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Original Article
5 (
6
); 262-266
doi:
10.4103/2321-1407.169974
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Cervical vertebral anomalies in patients with obstructive sleep apnea

Department of Orthodontics and Dentofacial Orthopedics, FDC, Fort, Mumbai, Maharashtra, India
Department of Orthodontics and Dentofacial Orthopedics, R&R, Delhi Cant., New Delhi, India
Department of Dental Surgery, AFMC, India
Department of Orthodontics and Dentofacial Orthopedics, CMDC, Pune, Maharashtra, India
Address for correspondence: Dr. Saugat Ray, Orthodontics and Dentofacial Orthopedics, FDC, Fort, Mumbai, Maharashtra, India. E-mail: saugat.ray@rediffmail.com
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How to cite this article: Ray S, Datana S, Jayan B, Jain A. Cervical vertebral anomalies in patients with obstructive sleep apnea. APOS Trends Orthod 2015;5:262-6.

Abstract

Objective

The aim of this study was to find an association between the patients with obstructive sleep apnea (OSA) and with cervical vertebral anomalies and any further correlation between various anomalies with varying severities of OSA.

Materials and Methods

The sample consisted lateral cephalograms of 70 subjects who were diagnosed with OSA and 70 other orthodontic patients who were selected as a control group. The lateral radiographs of both cases and controls were traced and findings were recorded.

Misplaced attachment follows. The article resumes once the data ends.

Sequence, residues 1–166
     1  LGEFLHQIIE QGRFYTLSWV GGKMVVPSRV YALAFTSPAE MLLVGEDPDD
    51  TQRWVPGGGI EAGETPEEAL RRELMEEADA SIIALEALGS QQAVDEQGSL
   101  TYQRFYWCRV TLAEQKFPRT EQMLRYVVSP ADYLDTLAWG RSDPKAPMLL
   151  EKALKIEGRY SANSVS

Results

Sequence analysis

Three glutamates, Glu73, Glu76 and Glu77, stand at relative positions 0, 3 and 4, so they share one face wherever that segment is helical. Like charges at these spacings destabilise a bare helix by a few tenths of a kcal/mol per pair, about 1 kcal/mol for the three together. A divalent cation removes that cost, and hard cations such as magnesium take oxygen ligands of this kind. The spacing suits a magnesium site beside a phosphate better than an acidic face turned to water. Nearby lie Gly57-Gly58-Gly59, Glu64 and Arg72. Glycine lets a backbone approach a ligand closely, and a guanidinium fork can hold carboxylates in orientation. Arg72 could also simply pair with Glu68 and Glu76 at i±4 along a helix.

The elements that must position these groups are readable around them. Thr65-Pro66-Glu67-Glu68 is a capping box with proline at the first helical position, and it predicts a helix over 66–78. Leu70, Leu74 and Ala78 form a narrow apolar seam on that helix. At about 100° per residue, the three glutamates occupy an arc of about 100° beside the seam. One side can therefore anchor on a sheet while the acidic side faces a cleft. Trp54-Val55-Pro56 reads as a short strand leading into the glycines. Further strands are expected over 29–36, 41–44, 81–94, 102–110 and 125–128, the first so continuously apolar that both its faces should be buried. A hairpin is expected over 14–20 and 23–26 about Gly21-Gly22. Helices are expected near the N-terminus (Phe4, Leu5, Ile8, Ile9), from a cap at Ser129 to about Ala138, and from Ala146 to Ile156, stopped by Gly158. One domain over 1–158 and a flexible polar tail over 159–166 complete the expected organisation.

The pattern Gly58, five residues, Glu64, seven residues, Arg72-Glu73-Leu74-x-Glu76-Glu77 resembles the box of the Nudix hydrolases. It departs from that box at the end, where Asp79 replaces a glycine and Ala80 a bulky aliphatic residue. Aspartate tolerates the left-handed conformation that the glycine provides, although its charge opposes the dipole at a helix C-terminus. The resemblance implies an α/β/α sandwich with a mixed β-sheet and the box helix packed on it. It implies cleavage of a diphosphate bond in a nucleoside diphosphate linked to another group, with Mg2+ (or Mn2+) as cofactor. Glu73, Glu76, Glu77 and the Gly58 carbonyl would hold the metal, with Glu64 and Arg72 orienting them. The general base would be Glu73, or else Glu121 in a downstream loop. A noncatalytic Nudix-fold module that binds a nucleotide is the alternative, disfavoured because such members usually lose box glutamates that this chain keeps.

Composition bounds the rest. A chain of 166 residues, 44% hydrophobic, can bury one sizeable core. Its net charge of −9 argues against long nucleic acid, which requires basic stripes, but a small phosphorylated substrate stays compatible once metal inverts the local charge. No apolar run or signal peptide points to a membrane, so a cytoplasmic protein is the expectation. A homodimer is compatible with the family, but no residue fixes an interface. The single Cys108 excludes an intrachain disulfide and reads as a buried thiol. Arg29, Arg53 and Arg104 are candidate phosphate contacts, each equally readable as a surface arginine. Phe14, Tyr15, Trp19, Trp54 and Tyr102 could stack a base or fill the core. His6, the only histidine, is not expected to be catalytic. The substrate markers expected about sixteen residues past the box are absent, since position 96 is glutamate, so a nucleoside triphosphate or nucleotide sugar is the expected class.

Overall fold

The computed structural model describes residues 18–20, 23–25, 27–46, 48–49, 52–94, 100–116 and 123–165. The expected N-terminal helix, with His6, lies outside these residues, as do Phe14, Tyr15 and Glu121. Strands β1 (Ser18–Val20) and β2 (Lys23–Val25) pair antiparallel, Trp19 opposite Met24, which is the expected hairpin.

Results

In total, 21.42% of subjects in the OSA group and 8.57% in the control group were affected with cervical vertebrae anomalies. The statistical analysis reveals that the number of subjects affected with cervical vertebrae anomalies in OSA group is highly significant. A number of cases of fusion were higher than posterior arch deficiency in OSA group and equal in the control group. However, in both the groups, the number of cases with two vertebrae fusion was higher. Further, the higher number of two vertebrae fusion cases in OSA group was found to be statistically significant. The findings of one-way ANOVA for OSA cases reveals the number of cases affected with cervical vertebrae anomalies were statistically highly significant (P < 0.01) in severe cases of OSA.

Conclusion